'Sergio Romo and Brian Wilson' photo (c) 2010, btwashburn - license: http://creativecommons.org/licenses/by/2.0/

 

I recently detailed how my team turned out in KFFL's K -BAD League. As a review of that club will show, I waited in pitching and assembled what I believe to be a strong group of starting pitchers – James Shields, Yovani Gallardo, Jon Lester, Dan Haren, Shaun Marcum, James McDonald and Francisco Liriano . However, I'm not blind to the fact that I rostered an awful lot of risk. Lester and Haren are coming off down years, Marcum is once again dealing with some shoulder weakness, McDonald was terrible in the second half and Liriano is suffering from a broken non-throwing arm (we have a DL spot in this league which is where Liriano will end up). So how did I combat that risk? Besides building an impressive offense, I also rostered four dynamic arms in Steve Cishek, Kenley Jansen, Bobby Parnell and David Robertson. 'But Ray, how does that rally help you since only one of those guys is locked into the 9th inning for his team?' Ah, and with that question we dig into the meat of today's article.

Let's look at each relievers numbers from last season.

Cishek: 2.69 ERA, 1.30 WHIP, 68 Ks, five wins, 15 saves Jansen: 2.35 ERA, 0.85 WHIP, 99 Ks, five wins, 25 saves Parnell: 2.49 ERA, 1.24 WHIP, 61 Ks, five wins, seven saves Robertson: 2.67 ERA, 1.17 WHIP, 81 Ks, two wins, two saves

All of those four produced solid efforts last season, wouldn't you say? That group would have also brought you 49 saves last season, on the cheap, which is a huge bonus given their draft day cost. But did you realize just how dominating they were on the hill? In fact, that foursome of hurlers was just as good, better actually, than Justin Verlander last season, and no, I haven't been drinking (though that White Russian on the counter is about 10 minutes away from being sipped). Take a look.

Verlander: 17 wins, 2.64 ERA, 239Ks, 1.06 WHIP in 238.1 innings Relievers: 17 wins, 2.55 ERA, 309 Ks, 1.14 WHIP in 258 innings

Remember two other extremely salient points.

(1) Verlander had zero saves and the relievers had 49.

(2) Verlander's cost $27 last year in Tout Wars (15 team mixed league). The relievers cost $7 ($0 Cishek, $6 Jansen, $0, Parnell, $1 Robertson).

So, if you had that reliever group you would have gotten better numbers than Justin Verlander, plus don't forget to add in the 49 saves, and spent a fourth as much money on draft day. Are you starting to see my point? Year after year relievers and their value to teams in the fantasy game is undervalued because people think that if a reliever isn't giving you saves then he's not helping your team. Granted, if your team is throwing 1,500 innings over the course of a season 65 innings from one reliever really isn't going to leave much of a mark, but if you have two, three, four or five guys doing that, then it gets really interesting as you can see in the example above.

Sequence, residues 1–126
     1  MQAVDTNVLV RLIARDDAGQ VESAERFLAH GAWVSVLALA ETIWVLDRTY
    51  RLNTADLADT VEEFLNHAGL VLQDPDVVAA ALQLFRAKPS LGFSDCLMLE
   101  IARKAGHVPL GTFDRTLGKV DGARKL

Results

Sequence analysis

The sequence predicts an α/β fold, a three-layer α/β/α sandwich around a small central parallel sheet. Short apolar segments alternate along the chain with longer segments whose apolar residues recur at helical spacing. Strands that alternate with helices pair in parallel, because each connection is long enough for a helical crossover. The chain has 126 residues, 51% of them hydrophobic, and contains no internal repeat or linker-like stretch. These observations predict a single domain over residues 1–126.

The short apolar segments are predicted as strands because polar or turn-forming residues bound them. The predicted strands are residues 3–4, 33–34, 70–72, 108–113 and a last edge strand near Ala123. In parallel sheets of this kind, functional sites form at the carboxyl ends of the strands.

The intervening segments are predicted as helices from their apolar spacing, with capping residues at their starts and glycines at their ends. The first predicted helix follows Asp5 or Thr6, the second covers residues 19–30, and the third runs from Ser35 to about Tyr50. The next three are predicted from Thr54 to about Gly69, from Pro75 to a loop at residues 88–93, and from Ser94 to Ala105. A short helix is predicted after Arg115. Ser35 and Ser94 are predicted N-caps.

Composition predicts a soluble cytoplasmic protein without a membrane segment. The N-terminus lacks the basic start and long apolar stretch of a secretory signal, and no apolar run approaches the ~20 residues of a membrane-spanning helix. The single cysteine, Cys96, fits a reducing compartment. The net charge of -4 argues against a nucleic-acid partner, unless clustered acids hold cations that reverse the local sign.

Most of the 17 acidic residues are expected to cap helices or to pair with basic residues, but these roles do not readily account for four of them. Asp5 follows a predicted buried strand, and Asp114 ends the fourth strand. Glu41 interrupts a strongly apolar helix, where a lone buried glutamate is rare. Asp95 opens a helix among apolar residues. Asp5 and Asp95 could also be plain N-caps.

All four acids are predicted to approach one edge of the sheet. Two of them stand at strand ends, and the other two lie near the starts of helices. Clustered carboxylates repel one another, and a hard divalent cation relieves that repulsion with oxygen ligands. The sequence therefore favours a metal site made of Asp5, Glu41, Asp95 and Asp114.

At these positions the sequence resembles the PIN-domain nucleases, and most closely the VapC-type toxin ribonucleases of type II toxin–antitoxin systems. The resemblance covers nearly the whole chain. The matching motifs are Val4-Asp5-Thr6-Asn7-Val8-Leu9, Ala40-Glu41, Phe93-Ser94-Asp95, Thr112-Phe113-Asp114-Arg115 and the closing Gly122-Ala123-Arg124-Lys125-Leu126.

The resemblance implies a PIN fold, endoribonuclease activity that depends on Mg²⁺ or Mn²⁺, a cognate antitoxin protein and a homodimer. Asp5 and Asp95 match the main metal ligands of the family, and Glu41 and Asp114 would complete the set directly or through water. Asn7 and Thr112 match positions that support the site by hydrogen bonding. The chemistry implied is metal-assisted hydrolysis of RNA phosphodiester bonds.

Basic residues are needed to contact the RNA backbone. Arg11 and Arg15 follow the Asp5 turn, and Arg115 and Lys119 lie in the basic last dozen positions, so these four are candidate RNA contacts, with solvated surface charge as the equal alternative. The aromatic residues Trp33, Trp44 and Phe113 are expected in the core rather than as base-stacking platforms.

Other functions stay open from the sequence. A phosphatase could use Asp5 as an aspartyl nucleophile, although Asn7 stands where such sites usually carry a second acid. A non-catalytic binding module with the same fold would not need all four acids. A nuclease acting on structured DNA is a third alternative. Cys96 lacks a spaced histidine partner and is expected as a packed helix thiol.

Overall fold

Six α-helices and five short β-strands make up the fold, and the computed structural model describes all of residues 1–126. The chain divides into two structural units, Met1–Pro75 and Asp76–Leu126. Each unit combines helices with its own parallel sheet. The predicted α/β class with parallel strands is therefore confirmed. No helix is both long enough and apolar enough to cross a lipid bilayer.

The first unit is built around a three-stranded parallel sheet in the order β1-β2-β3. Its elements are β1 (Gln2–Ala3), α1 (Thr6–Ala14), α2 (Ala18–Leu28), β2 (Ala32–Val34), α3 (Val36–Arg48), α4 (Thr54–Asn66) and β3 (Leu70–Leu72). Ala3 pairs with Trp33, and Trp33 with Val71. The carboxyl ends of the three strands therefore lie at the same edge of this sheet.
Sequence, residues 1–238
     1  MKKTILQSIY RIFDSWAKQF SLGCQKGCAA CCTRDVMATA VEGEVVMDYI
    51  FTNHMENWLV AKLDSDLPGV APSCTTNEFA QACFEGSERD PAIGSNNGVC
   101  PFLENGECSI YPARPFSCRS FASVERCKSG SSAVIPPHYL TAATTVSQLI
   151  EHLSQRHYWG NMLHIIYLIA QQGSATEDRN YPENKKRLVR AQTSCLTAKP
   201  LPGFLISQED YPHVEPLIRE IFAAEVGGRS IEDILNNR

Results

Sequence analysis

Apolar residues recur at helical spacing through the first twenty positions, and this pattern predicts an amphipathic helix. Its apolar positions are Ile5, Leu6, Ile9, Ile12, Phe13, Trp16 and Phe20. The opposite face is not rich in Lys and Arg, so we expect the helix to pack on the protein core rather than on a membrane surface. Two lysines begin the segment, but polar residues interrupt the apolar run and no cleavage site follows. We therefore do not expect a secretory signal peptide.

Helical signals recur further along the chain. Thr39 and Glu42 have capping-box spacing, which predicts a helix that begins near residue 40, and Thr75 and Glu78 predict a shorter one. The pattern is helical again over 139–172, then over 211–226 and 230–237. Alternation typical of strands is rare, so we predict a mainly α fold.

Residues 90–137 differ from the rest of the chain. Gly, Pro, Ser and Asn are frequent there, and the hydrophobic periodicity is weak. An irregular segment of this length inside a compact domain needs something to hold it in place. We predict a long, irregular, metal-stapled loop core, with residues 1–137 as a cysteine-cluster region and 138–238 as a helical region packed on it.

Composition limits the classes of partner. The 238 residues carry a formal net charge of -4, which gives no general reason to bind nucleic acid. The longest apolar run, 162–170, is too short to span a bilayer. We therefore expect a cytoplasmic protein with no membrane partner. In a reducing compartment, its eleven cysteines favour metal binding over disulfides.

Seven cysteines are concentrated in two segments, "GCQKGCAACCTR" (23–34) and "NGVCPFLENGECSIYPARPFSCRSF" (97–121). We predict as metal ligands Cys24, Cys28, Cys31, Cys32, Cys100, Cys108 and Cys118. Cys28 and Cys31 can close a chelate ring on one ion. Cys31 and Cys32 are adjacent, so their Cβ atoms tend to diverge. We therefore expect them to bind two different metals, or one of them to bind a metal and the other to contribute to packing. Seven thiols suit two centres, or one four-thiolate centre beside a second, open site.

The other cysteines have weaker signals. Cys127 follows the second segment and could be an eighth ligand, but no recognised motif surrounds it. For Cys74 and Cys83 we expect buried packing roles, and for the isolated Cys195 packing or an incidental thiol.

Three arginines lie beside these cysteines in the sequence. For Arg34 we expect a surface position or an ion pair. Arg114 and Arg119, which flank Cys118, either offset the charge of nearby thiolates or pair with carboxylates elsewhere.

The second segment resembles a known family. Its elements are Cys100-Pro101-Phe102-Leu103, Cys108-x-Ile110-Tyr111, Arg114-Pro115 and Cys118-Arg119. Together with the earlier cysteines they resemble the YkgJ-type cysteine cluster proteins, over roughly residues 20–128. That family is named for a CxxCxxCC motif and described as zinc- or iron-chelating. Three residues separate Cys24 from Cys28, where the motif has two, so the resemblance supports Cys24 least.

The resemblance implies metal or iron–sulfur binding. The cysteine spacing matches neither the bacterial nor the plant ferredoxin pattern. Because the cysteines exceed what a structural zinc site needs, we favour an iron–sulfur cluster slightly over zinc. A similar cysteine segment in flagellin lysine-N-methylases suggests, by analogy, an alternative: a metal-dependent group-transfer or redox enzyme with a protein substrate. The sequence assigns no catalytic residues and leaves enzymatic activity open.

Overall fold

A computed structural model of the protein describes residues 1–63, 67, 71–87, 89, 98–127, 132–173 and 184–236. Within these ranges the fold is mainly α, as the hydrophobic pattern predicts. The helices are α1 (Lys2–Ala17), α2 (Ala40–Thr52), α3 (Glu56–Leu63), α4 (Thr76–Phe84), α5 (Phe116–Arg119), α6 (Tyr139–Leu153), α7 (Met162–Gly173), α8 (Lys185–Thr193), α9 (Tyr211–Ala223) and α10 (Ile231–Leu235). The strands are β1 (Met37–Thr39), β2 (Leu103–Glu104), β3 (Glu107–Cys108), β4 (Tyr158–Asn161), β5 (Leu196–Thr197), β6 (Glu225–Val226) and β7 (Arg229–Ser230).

Some further notes.

(1) Target skills, not roles, with relievers.

(2) Taking relievers in the reserve rounds is a strong move if you are uncertain about your starting pitching group.

(3) Relievers, unlike starting pitchers, can contribute in all five categories.

(4) It may seem counter-intuitive, but sometimes less is more. Last season David Robertson earned $5 of fantasy value even though he threw only 60.2 innings. Lucas Harrell won 11 games, struck out 140 batters, posted a 3.76 ERA and 1.36 WHIP over 193.2 innings. While that seems like Harrell's effort would result in better fantasy value that Robertson, would it shock you to learn that he too earned $5 last season? Remember, the league ERA last year was 4.01, the WHIP 1.31, and obviously a .500 record (Harrell was 11-11 and won only 11 games in 32 starts). The fact is that Harrell was decidedly average across the board meaning that he gave you 193.2 innings of average while Robertson gave you 60.2 innings of impressive work. In the end, their fantasy production ended up being the same.

Relievers may not be the sexy adds late in drafts, but a group of guys like those I noted above can not only provide you excellent numbers, but they can also help to cover up some weakness in your starting pitching unit while at the same time offering a tremendous chance to receive a substantial return on your investment. Don't forget that fact on draft day cause rostering Jake McGee over a guy like Bronson Arroyo at the end of a draft might be the better long-term move in many cases.

* Don’t forget to pick up your copy of the 2013 BaseballGuys Fantasy Baseball Draft Guide which is now available. Nearly 150 pages of insight to help you dominate the competition in 2013.

By Ray Flowers




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About Ray Flowers

The co-host of The Drive on SiriusXM Fantasy Sports Radio (Sirius 210, XM 87: Mon-Fri 7-10 PM EDT), Ray also hosts his own show Sunday night (7-10 PM EDT). Ray has spent years squirreled away studying the inner workings of the fantasy game to the detriment of his personal life. Specializing in baseball, football and hockey, some consider him an expert in all three.

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